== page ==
Background: Previous studies have found particulate matter (PM) < 2.5 microm in aerodynamic diameter (PM2.5) associated with heart disease mortality. Although rapid effects of PM2.5 exposure on the cardiovascular system have been proposed, few studies have investigated the effect of short-term exposures on out-of-hospital cardiac arrest (OHCA).
Objectives: We aimed to determine whether short-term PM2.5 exposures increased the risk of OHCA and whether risk depended on subject characteristics or presenting heart rhythm.
Methods: A case-crossover analysis determined hazard ratios (HRs) for OHCAs logged by emergency medical systems (EMS) versus hourly and daily PM2.5 exposures at the time of the OHCA and for daily and hourly periods before it.
Results: For all OHCAs (n = 1,374), exposures on the day of the arrest or 1-3 days before arrest had no significant effect on the incidence of OHCA. For cardiac arrests witnessed by bystanders (n = 511), OHCA risk significantly increased with PM2.5 exposure during the hour of the arrest (HR for a 10-microg/m3 increase in PM2.5 exposure = 1.12; 95% confidence interval, 1.01-1.25). For the subsets of subjects who were white, 60-75 years of age, or presented with asystole, OHCA risk significantly increased with PM2.5 during the hour of the arrest (HRs for a 10-microg/m3 increase in PM2.5 = 1.18, 1.25, or 1.22, respectively; p < 0.05). HR generally decreased as the time lag between PM2.5 exposure and OHCA increased.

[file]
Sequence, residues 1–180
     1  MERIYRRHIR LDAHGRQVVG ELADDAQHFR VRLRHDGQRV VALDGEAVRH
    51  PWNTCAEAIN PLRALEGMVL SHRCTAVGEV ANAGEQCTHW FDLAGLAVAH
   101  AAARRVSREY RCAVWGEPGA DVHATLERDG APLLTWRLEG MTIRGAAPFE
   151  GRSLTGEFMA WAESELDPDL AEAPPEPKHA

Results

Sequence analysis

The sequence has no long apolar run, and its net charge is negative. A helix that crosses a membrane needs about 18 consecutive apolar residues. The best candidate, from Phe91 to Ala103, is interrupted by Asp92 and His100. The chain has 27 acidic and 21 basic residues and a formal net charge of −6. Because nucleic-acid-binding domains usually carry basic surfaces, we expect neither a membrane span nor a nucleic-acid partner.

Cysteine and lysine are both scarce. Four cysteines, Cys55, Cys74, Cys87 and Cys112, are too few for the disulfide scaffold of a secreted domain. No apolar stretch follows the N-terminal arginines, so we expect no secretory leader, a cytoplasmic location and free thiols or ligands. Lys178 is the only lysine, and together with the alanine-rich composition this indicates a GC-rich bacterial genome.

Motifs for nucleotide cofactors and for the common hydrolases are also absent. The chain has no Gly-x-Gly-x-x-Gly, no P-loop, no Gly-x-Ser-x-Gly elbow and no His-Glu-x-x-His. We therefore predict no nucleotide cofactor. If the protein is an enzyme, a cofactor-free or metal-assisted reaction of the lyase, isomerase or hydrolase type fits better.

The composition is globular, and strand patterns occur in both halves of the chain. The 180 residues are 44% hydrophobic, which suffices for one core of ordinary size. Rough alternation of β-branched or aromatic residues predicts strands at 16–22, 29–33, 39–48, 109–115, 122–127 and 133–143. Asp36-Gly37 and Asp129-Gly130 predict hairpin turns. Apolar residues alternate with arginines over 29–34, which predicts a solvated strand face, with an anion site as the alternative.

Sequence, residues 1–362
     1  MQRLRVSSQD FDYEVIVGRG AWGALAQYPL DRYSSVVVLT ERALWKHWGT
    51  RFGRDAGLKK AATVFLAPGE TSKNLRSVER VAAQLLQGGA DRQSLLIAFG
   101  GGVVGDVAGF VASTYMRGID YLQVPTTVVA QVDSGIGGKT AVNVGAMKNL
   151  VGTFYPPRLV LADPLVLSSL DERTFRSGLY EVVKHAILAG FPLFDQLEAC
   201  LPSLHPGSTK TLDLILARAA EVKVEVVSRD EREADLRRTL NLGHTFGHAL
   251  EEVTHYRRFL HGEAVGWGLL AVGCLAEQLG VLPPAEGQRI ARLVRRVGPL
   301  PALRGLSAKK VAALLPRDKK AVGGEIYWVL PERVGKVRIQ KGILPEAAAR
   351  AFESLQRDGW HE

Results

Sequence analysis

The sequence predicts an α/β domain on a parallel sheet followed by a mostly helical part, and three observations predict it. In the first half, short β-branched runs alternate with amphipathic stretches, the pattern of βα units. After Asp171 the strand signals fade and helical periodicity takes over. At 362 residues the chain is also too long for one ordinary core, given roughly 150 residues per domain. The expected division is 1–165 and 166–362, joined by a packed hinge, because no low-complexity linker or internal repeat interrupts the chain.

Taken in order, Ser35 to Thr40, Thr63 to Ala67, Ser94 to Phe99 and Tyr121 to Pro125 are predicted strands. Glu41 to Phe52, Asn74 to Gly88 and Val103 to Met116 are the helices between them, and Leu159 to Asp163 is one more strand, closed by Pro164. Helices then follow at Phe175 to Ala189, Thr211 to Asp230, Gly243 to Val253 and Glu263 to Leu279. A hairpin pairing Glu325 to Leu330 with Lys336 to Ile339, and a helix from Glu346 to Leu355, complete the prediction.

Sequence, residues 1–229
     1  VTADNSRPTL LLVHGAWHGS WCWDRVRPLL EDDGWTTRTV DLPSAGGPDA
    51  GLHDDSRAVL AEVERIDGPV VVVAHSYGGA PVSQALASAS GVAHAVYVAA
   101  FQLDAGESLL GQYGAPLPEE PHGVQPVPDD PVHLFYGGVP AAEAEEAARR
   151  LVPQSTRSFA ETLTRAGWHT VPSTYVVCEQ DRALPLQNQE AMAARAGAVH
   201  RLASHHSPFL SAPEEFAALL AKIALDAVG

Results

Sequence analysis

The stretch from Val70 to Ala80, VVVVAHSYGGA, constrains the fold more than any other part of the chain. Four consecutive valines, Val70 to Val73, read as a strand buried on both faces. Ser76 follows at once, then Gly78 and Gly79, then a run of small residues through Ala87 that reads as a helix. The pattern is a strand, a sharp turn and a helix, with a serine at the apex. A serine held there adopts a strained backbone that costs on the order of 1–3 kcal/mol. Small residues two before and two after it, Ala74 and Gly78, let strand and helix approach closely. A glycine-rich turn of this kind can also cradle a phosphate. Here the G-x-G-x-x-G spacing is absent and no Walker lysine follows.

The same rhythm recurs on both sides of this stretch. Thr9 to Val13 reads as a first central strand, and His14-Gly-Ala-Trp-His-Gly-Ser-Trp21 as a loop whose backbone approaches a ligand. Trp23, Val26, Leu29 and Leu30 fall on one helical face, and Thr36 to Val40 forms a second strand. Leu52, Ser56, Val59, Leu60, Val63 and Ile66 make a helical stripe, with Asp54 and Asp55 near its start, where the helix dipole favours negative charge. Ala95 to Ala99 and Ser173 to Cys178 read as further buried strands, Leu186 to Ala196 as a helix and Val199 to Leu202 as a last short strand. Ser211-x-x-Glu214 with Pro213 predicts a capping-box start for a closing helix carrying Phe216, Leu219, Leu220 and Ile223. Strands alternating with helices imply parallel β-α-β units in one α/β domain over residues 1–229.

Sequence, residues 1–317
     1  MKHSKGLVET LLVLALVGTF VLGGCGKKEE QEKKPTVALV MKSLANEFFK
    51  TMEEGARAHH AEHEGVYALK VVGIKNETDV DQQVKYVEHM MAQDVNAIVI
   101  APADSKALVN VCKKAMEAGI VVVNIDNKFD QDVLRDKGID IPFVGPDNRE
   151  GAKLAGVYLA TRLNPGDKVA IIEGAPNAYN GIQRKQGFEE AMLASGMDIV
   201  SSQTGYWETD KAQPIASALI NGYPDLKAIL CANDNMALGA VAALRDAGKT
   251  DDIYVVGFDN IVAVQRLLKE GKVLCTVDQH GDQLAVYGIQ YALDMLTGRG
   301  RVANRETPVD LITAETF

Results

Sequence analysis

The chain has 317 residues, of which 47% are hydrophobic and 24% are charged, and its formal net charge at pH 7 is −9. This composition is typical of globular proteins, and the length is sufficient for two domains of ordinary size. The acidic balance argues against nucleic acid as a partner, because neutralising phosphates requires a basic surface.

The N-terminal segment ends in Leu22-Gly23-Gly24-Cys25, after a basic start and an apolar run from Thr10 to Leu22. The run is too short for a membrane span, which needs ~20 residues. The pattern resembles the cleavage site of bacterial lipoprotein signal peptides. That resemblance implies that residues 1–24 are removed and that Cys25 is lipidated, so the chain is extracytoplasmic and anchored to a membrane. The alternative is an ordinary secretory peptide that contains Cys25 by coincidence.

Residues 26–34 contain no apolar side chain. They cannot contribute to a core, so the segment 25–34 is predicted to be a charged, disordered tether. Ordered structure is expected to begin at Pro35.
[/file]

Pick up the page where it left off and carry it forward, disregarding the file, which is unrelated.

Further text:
Conclusion: The results suggest an acute effect of short-term PM2.5 exposure in precipitating OHCAs, and a need to investigate further the role of subject factors in the effects of PM on the risk of OHCA.
Keywords: EMS; air pollution; cardiac arrest; cardiovascular system; case-crossover; environmental health; out-of-hospital; particulate matter.